[Note: other band members have been wearing all black at recent gigs.]
Weld: You come from a pretty musical family. When did you start playing?
MT: I’ve been playing music my whole life with my family. My dad had a studio in the house. I started playing bass in the sixth grade. I was 11.
Then I studied some at the Atlanta Institute of Music in a pretty intensive program for a year when I was 19. It was a mix of performance and theory. We would focus on learning tough jazz tunes — mostly jazz theory and then private lessons and reading classes. It was a lot of fun. Lots of people were playing six string basses and getting super complicated, but I kept it simple. College didn’t work out for me right off the bat, but when I decided to really study music, part of it came natural, but part of it took a lot of hard work. I’m glad I got into the more academic side of it for a little while. It opened me up to a lot of other stuff.
I went to UAB after that, kind of coasting along with the knowledge I had acquired in Atlanta. Then I started playing with Taylor Hollingsworth [Dead Fingers, SDX] around 2003 and we started getting out of town a little bit here and there. That led me to playing with Maria Taylor when she started making her solo records in 2005.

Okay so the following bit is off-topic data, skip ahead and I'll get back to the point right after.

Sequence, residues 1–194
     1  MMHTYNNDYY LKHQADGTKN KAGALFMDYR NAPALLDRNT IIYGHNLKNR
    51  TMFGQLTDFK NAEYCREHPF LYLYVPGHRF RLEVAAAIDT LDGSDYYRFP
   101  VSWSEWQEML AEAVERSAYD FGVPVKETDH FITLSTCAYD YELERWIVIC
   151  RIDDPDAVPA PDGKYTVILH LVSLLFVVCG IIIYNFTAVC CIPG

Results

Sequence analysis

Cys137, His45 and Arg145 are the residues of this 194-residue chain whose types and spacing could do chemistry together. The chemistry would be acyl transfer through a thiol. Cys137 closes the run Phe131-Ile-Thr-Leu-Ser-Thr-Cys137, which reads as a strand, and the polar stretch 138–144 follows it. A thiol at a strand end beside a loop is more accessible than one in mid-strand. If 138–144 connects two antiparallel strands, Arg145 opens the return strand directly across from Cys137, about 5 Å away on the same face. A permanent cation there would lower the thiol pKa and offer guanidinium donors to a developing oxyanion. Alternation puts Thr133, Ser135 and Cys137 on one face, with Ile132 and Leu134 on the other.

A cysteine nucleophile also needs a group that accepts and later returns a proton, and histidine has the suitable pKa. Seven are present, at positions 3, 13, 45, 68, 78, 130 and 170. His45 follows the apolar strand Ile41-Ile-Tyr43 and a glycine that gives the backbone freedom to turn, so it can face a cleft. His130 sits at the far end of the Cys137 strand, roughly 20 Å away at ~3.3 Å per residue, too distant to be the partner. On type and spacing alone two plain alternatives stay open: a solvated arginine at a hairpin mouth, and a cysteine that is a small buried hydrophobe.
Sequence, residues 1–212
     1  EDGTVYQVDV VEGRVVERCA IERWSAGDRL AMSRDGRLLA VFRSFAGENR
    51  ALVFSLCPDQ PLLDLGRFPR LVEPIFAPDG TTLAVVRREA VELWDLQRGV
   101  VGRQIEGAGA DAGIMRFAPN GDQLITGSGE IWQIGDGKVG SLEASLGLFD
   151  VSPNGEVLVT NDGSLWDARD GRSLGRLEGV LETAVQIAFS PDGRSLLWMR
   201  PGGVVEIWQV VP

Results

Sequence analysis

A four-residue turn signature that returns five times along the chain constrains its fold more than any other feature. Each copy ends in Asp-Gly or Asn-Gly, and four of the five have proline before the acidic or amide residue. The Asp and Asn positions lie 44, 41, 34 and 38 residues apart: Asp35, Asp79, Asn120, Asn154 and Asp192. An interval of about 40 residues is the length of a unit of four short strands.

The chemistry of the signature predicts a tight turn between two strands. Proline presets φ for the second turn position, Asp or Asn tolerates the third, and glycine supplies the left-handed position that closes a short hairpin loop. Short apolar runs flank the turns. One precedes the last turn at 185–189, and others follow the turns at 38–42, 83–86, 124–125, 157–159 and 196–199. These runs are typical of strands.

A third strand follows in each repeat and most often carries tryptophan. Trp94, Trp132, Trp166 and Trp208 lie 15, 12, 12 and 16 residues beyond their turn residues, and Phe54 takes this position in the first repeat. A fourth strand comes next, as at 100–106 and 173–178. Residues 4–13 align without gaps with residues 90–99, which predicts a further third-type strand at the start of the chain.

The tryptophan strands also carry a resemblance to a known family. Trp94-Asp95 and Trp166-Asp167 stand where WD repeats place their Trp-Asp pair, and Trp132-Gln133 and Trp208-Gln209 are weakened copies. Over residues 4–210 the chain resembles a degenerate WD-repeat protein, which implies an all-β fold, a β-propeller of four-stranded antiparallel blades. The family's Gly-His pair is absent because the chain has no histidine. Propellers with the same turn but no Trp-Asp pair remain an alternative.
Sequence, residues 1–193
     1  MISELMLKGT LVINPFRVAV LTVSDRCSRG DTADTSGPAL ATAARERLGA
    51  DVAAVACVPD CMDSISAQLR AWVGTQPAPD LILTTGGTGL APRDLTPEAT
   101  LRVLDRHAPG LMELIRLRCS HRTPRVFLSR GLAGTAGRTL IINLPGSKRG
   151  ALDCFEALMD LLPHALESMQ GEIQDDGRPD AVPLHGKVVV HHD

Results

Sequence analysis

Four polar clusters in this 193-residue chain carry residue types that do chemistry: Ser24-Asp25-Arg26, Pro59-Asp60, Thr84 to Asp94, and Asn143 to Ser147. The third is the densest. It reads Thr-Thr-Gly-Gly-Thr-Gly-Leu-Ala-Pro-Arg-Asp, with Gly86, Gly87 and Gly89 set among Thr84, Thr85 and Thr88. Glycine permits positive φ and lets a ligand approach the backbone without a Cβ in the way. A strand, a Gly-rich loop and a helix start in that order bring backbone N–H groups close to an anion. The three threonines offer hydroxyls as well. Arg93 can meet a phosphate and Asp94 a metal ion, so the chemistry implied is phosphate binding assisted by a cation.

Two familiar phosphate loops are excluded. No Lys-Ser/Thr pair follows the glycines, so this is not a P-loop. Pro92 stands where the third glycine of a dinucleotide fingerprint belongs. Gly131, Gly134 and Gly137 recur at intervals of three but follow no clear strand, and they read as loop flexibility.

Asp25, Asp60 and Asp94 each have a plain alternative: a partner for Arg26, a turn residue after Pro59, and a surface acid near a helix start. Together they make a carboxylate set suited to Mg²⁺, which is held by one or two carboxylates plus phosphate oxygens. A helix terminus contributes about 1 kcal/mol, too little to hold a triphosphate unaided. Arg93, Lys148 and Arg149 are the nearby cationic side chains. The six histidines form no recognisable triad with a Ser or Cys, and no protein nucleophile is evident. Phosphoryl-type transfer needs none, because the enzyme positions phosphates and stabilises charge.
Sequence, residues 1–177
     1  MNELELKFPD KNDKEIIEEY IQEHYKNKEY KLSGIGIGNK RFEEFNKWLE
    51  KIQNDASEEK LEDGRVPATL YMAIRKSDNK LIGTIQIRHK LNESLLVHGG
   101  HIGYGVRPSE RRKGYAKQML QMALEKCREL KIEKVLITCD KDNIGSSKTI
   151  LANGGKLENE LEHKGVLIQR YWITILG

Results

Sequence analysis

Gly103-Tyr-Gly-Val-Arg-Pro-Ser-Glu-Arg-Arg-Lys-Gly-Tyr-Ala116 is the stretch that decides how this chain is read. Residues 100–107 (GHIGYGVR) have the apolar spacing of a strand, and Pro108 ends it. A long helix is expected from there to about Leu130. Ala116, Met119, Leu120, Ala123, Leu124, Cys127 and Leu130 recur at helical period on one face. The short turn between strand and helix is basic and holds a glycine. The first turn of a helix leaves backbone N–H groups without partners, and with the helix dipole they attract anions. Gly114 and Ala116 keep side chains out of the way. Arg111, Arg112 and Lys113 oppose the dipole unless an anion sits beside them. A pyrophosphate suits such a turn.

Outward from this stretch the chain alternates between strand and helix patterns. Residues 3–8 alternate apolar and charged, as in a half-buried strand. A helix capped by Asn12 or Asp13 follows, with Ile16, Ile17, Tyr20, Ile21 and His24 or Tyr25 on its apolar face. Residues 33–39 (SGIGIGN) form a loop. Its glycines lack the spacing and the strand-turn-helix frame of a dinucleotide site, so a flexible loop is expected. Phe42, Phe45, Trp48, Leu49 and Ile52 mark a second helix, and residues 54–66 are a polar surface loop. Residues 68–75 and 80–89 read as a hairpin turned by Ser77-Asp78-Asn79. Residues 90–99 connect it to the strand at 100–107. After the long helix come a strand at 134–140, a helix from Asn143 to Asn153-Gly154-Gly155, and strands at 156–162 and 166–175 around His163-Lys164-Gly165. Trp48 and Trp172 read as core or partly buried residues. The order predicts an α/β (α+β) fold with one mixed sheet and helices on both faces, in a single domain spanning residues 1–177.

We recorded her stuff in Nebraska. I still play with her a lot. I spent the first part of this year on tour with her and I’ve played on all her solo records. She’s on Saddle Creek Records, and that’s how I got hooked up with Conor Oberst on some Bright Eyes tours and the whole Mystic Valley thing. That included Taylor and we did that for a couple of years.
This thing with Jenny Lewis [formerly Rilo Kiley, also a Saddle Creek band] started just because she called me up. We had played shows together with the Mystic Valley Band. She’s always in a different band and she called me back in March to see if I would sign up for this whole deal. It’s been good. I’m in LA for now and it’ll be a good transition to be out here because she’s a big LA person, at least while I’m in her band and traveling around.
Weld: What were some of your first performances? What were your early bands like?
MT: My first time playing on stage with a band was in 7th grade with the Animal Crackers in a school talent show. We played “She Don’t Use Jelly” by the Flaming Lips. Throughout high school, me and my buddies had a kind of back house jam band where we pretty much hung out, smoked weed and sort of learned how to improvise and communicate as musicians. I was sort of a punk/hardcore band in high school as well. We played one show at a placed called the Q Ball. We were called Decline of Suburbia [Laughs]. That was really the first set I played at a bar.